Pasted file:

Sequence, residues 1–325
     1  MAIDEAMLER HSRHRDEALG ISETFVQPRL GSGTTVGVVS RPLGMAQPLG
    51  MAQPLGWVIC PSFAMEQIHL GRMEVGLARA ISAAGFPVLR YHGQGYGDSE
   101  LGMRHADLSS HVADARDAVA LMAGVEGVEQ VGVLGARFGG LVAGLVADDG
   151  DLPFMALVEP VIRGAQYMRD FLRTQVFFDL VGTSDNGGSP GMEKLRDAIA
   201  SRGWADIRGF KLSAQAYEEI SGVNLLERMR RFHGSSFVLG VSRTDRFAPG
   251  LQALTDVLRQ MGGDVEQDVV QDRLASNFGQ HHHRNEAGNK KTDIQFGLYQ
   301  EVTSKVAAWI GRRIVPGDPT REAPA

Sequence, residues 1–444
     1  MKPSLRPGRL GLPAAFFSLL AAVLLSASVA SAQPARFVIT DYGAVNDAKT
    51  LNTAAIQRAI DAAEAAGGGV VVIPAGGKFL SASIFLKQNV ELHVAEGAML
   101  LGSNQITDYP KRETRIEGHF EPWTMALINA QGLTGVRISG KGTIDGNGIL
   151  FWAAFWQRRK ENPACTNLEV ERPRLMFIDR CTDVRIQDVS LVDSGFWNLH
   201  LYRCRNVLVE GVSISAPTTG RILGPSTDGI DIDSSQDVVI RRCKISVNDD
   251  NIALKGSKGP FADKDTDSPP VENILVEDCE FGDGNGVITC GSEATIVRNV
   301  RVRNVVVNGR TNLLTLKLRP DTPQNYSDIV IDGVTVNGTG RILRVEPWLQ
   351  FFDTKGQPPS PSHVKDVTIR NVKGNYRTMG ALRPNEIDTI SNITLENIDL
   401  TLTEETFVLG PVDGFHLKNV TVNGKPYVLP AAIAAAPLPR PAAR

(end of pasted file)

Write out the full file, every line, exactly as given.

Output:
Sequence, residues 1–325
     1  MAIDEAMLER HSRHRDEALG ISETFVQPRL GSGTTVGVVS RPLGMAQPLG
    51  MAQPLGWVIC PSFAMEQIHL GRMEVGLARA ISAAGFPVLR YHGQGYGDSE
   101  LGMRHADLSS HVADARDAVA LMAGVEGVEQ VGVLGARFGG LVAGLVADDG
   151  DLPFMALVEP VIRGAQYMRD FLRTQVFFDL VGTSDNGGSP GMEKLRDAIA
   201  SRGWADIRGF KLSAQAYEEI SGVNLLERMR RFHGSSFVLG VSRTDRFAPG
   251  LQALTDVLRQ MGGDVEQDVV QDRLASNFGQ HHHRNEAGNK KTDIQFGLYQ
   301  EVTSKVAAWI GRRIVPGDPT REAPA

Sequence, residues 1–444
     1  MKPSLRPGRL GLPAAFFSLL AAVLLSASVA SAQPARFVIT DYGAVNDAKT
    51  LNTAAIQRAI DAAEAAGGGV VVIPAGGKFL SASIFLKQNV ELHVAEGAML
   101  LGSNQITDYP KRETRIEGHF EPWTMALINA QGLTGVRISG KGTIDGNGIL
   151  FWAAFWQRRK ENPACTNLEV ERPRLMFIDR CTDVRIQDVS LVDSGFWNLH
   201  LYRCRNVLVE GVSISAPTTG RILGPSTDGI DIDSSQDVVI RRCKISVNDD
   251  NIALKGSKGP FADKDTDSPP VENILVEDCE FGDGNGVITC GSEATIVRNV
   301  RVRNVVVNGR TNLLTLKLRP DTPQNYSDIV IDGVTVNGTG RILRVEPWLQ
   351  FFDTKGQPPS PSHVKDVTIR NVKGNYRTMG ALRPNEIDTI SNITLENIDL
   401  TLTEETFVLG PVDGFHLKNV TVNGKPYVLP AAIAAAPLPR PAAR